It was 11:25 p.m. on Saturday, January 7. My goal was to go to bed by 11:30, so naturally, I figured that I had enough time to do one more relatively small task. I chose as my final task, the job of looking up something that I had seen on social media the day before and wished to blog about, taking a screenshot of said thing, and pasting said screenshot into a draft blog post so that I could easily bang out the blog post the next day, the screenshot of the subject matter already in place.
Naturally, I was unable to quickly find the social media post that I was looking for. So I continued scrolling and scrolling, looking for it. In the process, I discovered that the U.S. government had decided to remove the Confederate monument at Arlington National Cemetery, something that pains me to have to type. I had known that this was under consideration, but hadn’t known that the decision to go ahead with this atrocity and moral abomination had already been made.
Making matters worse, this decision had taken place on December 29, ten entire days before I found out about it.
Immediately upon learning this information, my entire body, mind, and soul erupted in excruciating and unbearable agony. To say that I don’t get the reasoning behind this decision, and the countless others like it in all different places around the country, would be an understatement. It is difficult to imagine a future for myself in a society that has decided that it would somehow be a good idea to systematically obliterate everything that makes my life worth living. Arlington National Cemetery, like so many other places and things, has been turned into yet another instrument to hurt me, to oppress me, and to declare my feelings, thoughts, and perspective invalid. Arlington National Cemetery has been redesigned and reconfigured to send the message that everyone deserves to be honored, except for people like me. Yet another thing, which used to be (and ought to be) beautiful, magnificent, and cool, now deliberately ruined. As I’ve written before, I don’t believe there are words available in any language that are capable of fully expressing the severity of this pain.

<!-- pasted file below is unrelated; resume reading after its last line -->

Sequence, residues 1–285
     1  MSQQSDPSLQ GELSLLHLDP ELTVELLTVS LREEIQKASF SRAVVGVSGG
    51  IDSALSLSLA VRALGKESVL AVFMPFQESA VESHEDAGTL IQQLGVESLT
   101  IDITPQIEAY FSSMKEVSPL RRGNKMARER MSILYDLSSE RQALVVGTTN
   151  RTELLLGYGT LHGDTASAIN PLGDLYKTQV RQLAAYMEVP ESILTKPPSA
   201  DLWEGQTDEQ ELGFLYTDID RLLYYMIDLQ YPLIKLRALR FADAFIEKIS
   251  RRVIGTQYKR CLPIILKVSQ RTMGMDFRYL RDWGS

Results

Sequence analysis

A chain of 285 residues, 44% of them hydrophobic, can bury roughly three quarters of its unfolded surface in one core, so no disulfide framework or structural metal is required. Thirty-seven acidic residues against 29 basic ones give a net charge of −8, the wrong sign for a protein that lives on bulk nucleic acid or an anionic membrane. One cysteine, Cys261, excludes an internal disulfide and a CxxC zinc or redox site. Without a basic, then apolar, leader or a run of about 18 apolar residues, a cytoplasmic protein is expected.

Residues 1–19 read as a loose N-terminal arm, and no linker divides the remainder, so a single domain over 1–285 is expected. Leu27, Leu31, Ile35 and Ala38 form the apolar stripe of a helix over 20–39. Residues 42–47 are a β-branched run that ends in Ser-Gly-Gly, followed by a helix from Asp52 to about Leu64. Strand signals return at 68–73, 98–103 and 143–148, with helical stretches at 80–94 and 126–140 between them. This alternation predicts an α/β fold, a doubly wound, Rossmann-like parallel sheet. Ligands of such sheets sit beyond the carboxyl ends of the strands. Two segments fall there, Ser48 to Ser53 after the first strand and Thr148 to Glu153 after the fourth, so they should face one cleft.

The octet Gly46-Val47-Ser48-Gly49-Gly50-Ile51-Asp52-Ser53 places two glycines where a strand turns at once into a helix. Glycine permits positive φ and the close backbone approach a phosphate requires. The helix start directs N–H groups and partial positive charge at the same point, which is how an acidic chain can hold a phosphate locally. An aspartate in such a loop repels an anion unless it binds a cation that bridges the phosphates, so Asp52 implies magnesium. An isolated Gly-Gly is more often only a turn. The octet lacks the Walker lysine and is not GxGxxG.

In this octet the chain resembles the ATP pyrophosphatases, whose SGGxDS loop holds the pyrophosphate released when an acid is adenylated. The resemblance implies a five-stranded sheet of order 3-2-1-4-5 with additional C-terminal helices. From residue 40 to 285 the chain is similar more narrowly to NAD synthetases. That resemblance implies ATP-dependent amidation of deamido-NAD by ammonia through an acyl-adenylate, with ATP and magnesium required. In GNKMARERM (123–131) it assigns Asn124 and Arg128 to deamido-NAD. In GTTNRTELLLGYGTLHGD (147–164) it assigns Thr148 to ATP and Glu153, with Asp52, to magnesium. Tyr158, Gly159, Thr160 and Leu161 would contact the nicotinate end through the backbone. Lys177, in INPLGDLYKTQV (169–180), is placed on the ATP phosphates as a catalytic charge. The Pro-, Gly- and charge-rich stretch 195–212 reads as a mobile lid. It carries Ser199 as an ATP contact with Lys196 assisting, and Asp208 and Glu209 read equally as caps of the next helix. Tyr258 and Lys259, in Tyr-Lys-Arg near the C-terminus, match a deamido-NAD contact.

Thinking about the events of Saturday night, I am simultaneously mad at myself for making the decision to look at social media at such a late hour (an activity that I am trying to cut back on), and also mad at myself for not having found out about the atrocity sooner. I felt derelict and irresponsible for not keeping up with the latest developments on a topic that is so important to me and affects me so deeply. I suppose this relates to the philosophical question of whether it is better to know the truth, even though it makes one unhappy, or to remain ignorant and also happy. Would it really be beneficial for me to be shielded from these horrible things via cutting down on my social media use, given that these things are, in reality, happening? Is happiness truly valuable if it is based on an inaccurate perception of what is actually happening in the world?
By the way, after an hour of searching, I never found the post that I was looking for.
I also, as you might imagine, got very little sleep, so my brain was in no shape for blogging on Sunday anyways.
I’m not 100% sure why I am sharing this, other than to make it clear that the systematic obliteration of statues and monuments honoring the Confederacy causes real pain and inflicts real harm on real people. I am a human being, my feelings, thoughts, and perspective are just as valid as anyone else’s, and I do not deserve to be made to feel like this. I wish that Ty Seidule, the government official who made this despicable decision, could be made to feel what I am feeling as a result of his actions. I wish that he could truly understand what I am experiencing, and truly understand the impact, the real human costs, of what he did. I am certain that if this were possible, government officials would make different decisions than the ones they are currently making.
Actions and decisions like the one regarding Arlington National Cemetery are morally wrong, and the people who make them and carry them out do not hold the moral high ground.